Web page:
Narrative of Frederick Douglass Ch7 Rhetorical Analysis Essay

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In Chapter 7 of The Narrative of Frederick Douglass, Douglass focuses mainly on the “curse” of being able to read and think. Ms. Auld gave Douglass the inch to learn by teaching him the alphabet, therefore resulting in his desire to learn more. After learning Douglass struggles with the reality of being aware of everything, especially of what white men did, because it was easier to understand. “Douglass’s depressed tone expresses his feeling towards being able to read as a “curse rather than a blessing.” It made him realize his “wretched conditions”, and often at times made him wish he had killed himself or “done something to get himself killed.” This gives off a sorrowful feeling as to the mere thought that Douglass would want to take his own life just because he knew how to read. He should have been proud of himself, but instead he became aware of things he most likely wished he didn’t and began to overthink.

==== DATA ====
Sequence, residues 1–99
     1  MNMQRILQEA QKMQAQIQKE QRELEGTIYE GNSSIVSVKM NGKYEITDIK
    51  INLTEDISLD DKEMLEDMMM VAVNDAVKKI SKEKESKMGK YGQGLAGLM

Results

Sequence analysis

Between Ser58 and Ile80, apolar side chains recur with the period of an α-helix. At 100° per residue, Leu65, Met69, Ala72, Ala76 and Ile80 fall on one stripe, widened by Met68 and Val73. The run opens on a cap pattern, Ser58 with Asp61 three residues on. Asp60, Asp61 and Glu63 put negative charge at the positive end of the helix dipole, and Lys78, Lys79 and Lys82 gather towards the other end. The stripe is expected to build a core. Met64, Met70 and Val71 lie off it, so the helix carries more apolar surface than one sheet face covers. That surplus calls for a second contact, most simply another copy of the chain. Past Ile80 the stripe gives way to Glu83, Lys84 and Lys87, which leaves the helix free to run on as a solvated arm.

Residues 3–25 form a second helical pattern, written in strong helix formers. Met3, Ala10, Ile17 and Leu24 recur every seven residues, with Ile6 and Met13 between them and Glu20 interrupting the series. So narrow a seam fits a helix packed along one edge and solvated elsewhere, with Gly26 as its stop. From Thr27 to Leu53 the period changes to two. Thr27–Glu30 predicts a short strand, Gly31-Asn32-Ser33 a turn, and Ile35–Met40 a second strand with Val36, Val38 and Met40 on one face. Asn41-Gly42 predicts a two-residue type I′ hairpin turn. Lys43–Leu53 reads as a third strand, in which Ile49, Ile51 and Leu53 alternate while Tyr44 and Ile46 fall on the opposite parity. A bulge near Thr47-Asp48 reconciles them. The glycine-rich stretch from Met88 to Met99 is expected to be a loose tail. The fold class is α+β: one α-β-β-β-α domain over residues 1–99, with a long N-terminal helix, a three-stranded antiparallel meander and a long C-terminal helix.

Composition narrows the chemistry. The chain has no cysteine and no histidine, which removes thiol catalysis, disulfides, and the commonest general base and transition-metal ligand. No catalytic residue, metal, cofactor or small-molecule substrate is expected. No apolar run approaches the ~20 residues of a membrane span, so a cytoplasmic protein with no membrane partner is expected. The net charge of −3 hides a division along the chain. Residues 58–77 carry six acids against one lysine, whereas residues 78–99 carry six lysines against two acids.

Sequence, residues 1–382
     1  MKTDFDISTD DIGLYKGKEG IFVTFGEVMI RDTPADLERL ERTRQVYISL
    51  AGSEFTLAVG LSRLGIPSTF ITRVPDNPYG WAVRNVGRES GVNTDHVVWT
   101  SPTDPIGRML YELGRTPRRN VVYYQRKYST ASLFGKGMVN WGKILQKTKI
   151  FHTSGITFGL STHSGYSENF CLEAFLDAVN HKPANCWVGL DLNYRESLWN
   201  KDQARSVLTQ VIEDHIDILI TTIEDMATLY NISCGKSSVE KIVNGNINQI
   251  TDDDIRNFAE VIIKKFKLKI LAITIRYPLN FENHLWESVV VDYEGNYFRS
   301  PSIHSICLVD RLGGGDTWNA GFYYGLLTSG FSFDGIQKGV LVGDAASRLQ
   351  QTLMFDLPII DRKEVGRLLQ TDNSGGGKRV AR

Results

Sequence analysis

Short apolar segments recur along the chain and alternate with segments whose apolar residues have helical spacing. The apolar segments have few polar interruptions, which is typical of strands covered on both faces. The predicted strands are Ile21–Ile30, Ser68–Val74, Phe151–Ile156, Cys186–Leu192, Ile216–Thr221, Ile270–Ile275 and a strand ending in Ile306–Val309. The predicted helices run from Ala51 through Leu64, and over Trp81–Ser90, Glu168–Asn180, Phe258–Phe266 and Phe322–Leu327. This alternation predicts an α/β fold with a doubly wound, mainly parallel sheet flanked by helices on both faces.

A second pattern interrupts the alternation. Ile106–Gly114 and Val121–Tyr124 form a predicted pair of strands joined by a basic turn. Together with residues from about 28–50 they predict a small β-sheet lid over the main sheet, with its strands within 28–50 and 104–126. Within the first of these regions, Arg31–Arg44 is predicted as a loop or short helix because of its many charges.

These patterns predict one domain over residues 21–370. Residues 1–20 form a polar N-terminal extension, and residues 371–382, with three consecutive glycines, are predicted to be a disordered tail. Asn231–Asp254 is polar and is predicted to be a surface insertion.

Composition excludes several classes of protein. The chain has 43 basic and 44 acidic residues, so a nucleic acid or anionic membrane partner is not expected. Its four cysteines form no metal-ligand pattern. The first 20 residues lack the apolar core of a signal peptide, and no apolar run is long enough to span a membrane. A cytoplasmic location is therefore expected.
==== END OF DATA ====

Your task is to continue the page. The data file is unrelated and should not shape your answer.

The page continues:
Douglass’s scholarly diction emphasizes what he had learned from reading and thinking. Most slaves were never able to actually read and fully understand what they were reading, Douglass on the other hand took the initiative, after Ms. Auld was forbid to teach him any further, to make friends with the “white children” and learn more. As he learned more he understood more and was able to put that into this chapter very well. By using words such as “commenced” and “divest”, Douglass gives off a sense that maybe his learning to read was not “a curse rather than a blessing.”

In chapter 7 of The Narrative of Frederick Douglass, Douglass’s varied, yet detailed syntax offers more evidence that learning to read was not a “curse.” By using elaborate sentences, such as “The slave was made to say some very smart as well as impressive things in reply to his master –things which had the desired though unexpected effect; for conversation resulted in the voluntary emancipation of the slave on the part of the master,” shows that Douglass can read a book and explain,...
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